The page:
accepted as a means of payment—that is, for
making transactions. When introduced in
I960,3 the measure of money based on daily
average data published now as M-1
represented financial assets that could be
used directly in transactions. Although
refinements and revisions to the data have
been made since, current M-1 is still defined
in basically the same way, as the public's
holdings of currency, coin, and demand
deposits at commercial banks. The "public"
means exclusive of holdings by commercial
banks and the U.S. government.
It has long been recognized that various
savings instruments provide potential
purchasing power. They were not originally
included in the measured concept of money,
however, because they usually had to be con­
verted first into cash or demand deposits
before the funds could be used for transac­
tions. Nevertheless, related data on all com­
mercial bank time deposits, also measured on
a daily average basis, were published
2lmprovingthe Monetary Aggregates: Report of the
Advisory Committee on Monetary Statistics, (Board of
Governors of the Federal Reserve System, June 1976).

’ “ A Proposal for Redefining the Monetary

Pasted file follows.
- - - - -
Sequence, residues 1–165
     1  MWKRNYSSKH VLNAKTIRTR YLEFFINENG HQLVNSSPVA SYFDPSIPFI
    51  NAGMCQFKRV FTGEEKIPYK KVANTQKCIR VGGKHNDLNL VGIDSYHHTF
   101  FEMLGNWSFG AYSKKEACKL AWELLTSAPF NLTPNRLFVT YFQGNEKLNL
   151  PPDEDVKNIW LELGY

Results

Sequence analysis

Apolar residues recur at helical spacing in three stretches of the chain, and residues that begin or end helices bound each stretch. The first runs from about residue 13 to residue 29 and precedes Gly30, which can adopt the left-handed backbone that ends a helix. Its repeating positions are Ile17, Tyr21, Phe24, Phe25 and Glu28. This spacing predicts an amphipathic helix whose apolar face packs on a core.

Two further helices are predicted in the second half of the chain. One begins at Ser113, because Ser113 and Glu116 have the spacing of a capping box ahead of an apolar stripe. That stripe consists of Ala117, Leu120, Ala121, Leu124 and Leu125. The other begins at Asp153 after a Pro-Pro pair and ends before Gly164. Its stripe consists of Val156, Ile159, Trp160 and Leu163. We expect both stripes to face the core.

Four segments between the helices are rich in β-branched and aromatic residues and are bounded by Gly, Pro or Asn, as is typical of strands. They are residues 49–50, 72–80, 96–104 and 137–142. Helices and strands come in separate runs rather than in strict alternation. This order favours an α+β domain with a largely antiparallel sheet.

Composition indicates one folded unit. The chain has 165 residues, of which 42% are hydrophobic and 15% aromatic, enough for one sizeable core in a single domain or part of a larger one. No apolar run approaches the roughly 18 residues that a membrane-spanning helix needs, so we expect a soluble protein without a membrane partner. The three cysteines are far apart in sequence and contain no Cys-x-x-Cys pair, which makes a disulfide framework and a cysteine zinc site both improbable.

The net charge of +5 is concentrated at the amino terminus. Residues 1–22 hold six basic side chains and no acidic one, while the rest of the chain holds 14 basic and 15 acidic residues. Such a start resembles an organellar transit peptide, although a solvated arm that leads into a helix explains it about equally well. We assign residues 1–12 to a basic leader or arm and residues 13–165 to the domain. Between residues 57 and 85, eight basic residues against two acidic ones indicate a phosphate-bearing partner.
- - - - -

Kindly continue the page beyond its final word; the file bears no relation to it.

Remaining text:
Aggregates,” Federal Reserve Bulletin, January 1979, pp.

Fe d e ra l R e se rv e Ba n k o f Chicago

3“ A New M easure of the M oney Supply,” Federal
Reserve Bulletin, O ctob er 1960, pp. 1102-21. Monetary
data published prior to late 1960 was as of a single day.


separately beginning in 1962.
It was often argued that a broader
measure of money was sometimes more ap­
propriate. And while broader measures could
be constructed from data published by the
Federal Reserve, not until 1971 was more than
one money supply measure, labeled as such,
published. That was when M-2 and M-3 were
Then, as now, M-2 was defined as M-1
plus commercial bank time and savings
deposits other than large negotiable CDs
issued by large banks. As first introduced, M-3
included M-2 plus mutual savings bank
deposits and savings and loan shares. In 1975,
when the number of published monetary
aggregate measures was increased to five,
M-3 was redefined to also include credit
union shares.
The two additional money stock
measures introduced in 1975 were M-4 and
M-5, defined by adding large negotiable CDs
to M-2 and M-3, respectively. Thus, current
M-4 represents public holdings of currency,
coin, and all deposits at commercial banks,
while current M-5 represents public holdings
of currency, coin, and all deposits at banks
and thrift institutions.
Because of the uncertainties associated